Green Generators being used on Set

Discussion in 'Lighting and Electrics' started by Morte615, Aug 12, 2019.

  1. Morte615

    Morte615 Active Member

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    https://www.nationalobserver.com/20...0DYYG0DXdOIEjegHwfNm_2RsNP9XlFeF9iKaPnL8lnR94

    Interesting read about new systems being used to power sets and events. Green based where they are battery banks that can be charged by standard AC, Solar, Wind, ect.
    I am a bit curious about their stated run times and if that's with or without a charge being applied. But it seems they are in use on productions (on the new Bond specifically)
    At some point we have to move toward more renewable energy and with the battery technology moving forward like it is (thanks Tesla and other Electric Cars) I can see where it would be beneficial to move toward a more "Green" system.
     
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  2. JD

    JD Well-Known Member

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    I have never really considered battery systems to be "green." All you are doing is moving the exhaust to somewhere else, namely where the electricity is being generated. Wind and solar (in the US) represents about 7.7% of the power on the grid. About 20% is nuclear, and 63% is fossil fuel. (The rest is hydro and other sources.) The best example of "Green" in the entertainment industry is the migration to LED. That, in my opinion, is a win-win situation. Batteries, not so much. In addition, the batteries themselves have a specific number of charge/discharge cycles to give before having to be replaced. Although batteries can be recycled/re-manufactured, much additional energy is used in that process that must be factored into the equation. Even wind and solar sources require a long operation time (years) before they have repaid the energy used in the manufacturing process. The best way to effect the greatest change is to look on the consumption side where simple changes in practices can radically reduce demand. What is not used does not have to be generated.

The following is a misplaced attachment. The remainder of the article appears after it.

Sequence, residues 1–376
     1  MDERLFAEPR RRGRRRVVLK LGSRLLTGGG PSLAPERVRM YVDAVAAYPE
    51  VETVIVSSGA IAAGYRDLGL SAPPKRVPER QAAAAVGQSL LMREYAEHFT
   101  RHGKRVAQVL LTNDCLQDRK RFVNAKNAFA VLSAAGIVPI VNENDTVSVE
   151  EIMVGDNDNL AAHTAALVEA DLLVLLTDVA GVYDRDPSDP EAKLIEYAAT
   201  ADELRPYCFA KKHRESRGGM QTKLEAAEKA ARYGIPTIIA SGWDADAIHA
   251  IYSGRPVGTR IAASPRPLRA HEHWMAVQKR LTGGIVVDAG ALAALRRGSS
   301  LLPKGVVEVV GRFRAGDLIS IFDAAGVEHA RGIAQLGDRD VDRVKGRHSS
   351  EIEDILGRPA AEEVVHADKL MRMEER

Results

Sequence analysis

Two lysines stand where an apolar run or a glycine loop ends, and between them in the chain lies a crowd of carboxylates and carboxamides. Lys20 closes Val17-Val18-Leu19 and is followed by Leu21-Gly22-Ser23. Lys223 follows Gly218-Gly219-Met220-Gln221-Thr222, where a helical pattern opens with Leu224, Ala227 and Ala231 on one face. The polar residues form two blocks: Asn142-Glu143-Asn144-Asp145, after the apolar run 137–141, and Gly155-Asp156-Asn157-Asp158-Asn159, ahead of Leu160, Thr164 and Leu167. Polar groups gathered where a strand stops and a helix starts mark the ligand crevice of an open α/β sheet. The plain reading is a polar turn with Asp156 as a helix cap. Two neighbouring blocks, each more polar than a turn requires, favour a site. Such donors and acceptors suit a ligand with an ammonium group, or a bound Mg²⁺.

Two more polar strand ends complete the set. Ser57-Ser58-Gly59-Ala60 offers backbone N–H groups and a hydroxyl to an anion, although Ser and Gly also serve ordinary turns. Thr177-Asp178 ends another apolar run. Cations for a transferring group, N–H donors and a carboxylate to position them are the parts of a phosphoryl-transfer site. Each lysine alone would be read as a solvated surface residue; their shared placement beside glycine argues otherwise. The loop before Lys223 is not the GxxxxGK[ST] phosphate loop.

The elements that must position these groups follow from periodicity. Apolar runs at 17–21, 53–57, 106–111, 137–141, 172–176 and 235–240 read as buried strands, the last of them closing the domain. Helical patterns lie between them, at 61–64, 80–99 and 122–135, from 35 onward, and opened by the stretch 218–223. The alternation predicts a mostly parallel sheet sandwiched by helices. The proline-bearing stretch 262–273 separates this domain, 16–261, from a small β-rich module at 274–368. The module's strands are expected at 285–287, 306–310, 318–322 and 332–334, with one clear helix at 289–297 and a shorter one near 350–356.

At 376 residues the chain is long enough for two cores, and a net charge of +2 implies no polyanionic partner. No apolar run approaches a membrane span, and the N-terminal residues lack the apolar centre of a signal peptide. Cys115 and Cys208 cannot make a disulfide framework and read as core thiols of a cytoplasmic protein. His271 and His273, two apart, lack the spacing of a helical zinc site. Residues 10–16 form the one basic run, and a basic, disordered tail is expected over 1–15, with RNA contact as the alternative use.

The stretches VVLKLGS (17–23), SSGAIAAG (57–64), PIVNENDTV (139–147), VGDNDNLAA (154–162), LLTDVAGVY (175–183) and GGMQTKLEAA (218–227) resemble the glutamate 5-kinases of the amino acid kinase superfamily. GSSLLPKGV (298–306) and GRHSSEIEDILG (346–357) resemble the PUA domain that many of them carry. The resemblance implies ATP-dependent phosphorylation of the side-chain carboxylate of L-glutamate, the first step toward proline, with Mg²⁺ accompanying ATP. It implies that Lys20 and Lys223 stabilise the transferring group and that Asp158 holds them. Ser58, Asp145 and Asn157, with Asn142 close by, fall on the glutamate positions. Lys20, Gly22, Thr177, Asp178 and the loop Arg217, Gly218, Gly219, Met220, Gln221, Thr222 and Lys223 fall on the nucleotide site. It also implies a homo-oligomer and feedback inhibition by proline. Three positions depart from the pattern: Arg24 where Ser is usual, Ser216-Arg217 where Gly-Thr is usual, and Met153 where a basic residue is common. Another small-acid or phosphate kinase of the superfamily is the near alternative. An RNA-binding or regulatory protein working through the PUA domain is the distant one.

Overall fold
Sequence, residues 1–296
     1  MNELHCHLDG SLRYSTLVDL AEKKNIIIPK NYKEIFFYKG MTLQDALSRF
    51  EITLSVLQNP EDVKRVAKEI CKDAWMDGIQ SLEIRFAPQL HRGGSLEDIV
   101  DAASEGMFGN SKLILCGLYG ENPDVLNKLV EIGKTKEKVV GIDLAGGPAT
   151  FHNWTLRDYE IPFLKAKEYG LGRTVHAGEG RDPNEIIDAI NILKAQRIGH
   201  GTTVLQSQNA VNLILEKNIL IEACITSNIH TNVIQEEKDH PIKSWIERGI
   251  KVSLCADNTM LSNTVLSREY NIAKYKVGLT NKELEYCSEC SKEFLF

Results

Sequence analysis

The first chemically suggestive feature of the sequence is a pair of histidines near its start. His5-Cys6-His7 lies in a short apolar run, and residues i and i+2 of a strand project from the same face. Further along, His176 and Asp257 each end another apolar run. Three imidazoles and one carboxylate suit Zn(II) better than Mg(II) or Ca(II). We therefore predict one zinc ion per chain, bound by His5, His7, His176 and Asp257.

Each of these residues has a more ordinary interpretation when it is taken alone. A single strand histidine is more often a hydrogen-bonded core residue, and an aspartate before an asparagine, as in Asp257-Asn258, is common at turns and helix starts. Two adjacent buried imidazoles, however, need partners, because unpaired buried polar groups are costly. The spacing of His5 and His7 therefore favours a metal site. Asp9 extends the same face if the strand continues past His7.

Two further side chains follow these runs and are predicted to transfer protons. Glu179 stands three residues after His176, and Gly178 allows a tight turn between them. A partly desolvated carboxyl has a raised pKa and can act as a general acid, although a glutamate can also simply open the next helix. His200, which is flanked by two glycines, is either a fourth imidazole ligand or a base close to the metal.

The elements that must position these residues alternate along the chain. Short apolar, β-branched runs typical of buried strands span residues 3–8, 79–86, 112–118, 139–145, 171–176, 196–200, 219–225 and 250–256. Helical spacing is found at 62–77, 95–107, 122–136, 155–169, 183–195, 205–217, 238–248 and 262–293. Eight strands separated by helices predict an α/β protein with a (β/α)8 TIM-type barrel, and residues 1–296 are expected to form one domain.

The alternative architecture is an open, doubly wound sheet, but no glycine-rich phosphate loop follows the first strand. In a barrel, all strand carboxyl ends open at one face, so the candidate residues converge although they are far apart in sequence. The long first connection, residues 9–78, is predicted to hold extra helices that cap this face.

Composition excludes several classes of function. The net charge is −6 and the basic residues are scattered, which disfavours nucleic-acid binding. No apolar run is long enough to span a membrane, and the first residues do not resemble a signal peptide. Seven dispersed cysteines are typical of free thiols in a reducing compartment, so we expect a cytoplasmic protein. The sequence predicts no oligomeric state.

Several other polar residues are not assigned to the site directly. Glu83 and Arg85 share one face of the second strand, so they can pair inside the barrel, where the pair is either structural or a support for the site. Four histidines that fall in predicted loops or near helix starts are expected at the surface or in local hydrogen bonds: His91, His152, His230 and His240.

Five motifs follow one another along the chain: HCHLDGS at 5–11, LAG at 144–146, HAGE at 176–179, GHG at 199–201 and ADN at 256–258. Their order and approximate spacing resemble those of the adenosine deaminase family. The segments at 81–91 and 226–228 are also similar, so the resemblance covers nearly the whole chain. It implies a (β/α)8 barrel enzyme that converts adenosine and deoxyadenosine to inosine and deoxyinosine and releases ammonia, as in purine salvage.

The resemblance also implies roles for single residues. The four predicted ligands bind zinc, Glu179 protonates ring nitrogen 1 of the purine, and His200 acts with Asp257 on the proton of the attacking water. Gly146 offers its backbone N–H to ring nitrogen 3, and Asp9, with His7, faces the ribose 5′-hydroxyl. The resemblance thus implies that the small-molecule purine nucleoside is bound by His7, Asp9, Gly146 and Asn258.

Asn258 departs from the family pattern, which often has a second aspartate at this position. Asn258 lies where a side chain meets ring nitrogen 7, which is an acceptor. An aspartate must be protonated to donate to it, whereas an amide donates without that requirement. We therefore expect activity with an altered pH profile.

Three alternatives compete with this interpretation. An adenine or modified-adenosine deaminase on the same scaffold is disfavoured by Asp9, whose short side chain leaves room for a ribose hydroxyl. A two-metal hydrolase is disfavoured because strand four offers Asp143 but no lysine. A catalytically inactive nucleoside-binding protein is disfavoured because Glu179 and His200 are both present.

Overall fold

On the humorous side, a friend of mine recently bought a Tesla to show how "green" he was. I couldn't help but to congratulate him on the purchase of his new coal burning car ;)
     
  3. FMEng

    FMEng Well-Known Member Fight Leukemia

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    I suspect the popularity has nothing to do with being green. It has everything to do with quiet and portability. Running a bunch of cable to get the noisy generator away from the set has to be a pain and expensive. The power is pretty limited in these things. They are perfect to run a camera and some audio recording gear, but not for much in the way of lights.
     
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  4. egilson1

    egilson1 Well-Known Member Premium Member

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    I have a friend who owns an audio company who has built a few systems of battery based generators that charge off of solar panels attached to the roof of his truck. Can’t remember the specifics but he can do something like 2 20amp circuits for 8 hours per unit. It’s really interesting.
     
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  5. macsound